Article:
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An articulated titanosaur from Patagonia (Argentina): new evidence of neosauropod pedal evolution
Most titanosaur dinosaurs are represented by incomplete skeletal elements lacking articulated pes. An exceptionally preserved specimen from the Late Campanian–Early Maastrichtian strata of Patagonia (Argentina) provides new data on pedal morphology and the evolutionary trends of these huge dinosaurs. This finding is one of the few articulated titanosaur pes known in the world, and shows a phalangeal formula of 2-2-2-2-0. The first three digits possess sickle-shaped claws and the articular facets of ungual phalanges, suggesting mobility in horizontal and vertical planes. A comparative analysis of available record suggests that titanosaurs had a progressive reduction of size and number of pedal phalanges in digits III and IV during the Late Cretaceous.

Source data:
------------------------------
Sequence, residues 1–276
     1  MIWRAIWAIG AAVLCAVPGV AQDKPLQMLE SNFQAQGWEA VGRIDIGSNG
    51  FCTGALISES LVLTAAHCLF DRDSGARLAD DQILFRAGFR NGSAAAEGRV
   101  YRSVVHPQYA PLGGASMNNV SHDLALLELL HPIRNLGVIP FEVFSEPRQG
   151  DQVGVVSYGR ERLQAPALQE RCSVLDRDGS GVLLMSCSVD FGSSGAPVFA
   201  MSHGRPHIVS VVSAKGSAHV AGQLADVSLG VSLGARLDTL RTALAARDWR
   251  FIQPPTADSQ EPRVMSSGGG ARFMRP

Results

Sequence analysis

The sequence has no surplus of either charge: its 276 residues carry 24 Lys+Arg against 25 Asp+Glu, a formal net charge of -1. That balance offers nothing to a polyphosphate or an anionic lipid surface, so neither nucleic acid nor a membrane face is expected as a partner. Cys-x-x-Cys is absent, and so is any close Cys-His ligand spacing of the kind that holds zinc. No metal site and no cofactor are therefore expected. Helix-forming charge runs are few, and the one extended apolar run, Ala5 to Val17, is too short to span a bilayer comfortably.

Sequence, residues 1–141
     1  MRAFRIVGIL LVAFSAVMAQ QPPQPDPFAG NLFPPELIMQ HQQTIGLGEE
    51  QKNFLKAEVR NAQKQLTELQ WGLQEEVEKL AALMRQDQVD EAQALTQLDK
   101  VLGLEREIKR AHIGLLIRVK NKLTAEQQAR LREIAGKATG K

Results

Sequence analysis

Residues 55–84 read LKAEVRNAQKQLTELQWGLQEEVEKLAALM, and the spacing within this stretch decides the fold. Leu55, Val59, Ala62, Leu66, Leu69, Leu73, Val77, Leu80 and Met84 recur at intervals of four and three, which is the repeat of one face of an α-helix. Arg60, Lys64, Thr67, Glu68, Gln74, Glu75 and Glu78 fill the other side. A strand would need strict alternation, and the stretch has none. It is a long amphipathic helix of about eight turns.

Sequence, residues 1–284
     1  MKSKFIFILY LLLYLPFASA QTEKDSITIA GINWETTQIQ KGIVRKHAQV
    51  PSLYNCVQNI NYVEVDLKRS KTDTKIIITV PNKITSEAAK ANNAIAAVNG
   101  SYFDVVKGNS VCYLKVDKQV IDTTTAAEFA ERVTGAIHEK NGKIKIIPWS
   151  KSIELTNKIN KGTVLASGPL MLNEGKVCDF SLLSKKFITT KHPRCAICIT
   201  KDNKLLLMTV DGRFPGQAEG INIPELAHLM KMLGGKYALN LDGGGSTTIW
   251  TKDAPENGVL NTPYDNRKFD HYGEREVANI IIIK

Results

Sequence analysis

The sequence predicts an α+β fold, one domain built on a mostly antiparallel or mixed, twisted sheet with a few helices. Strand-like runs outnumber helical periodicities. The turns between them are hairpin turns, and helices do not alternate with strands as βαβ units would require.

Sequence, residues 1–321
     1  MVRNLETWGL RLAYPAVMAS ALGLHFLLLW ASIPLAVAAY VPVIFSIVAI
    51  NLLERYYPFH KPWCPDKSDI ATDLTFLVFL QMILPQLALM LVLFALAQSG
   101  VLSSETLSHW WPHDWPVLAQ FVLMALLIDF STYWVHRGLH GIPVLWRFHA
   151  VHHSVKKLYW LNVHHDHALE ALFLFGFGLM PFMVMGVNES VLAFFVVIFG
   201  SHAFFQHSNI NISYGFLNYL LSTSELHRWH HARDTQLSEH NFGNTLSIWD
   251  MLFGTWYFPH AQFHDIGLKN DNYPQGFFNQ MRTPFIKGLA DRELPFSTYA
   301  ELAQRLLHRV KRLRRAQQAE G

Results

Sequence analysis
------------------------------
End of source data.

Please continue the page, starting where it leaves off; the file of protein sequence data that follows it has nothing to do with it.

Skeletal disposition of bone in La Invernada site (Patagonia, Argentina): (A) map of the quarry; (B) excavation of the specimen.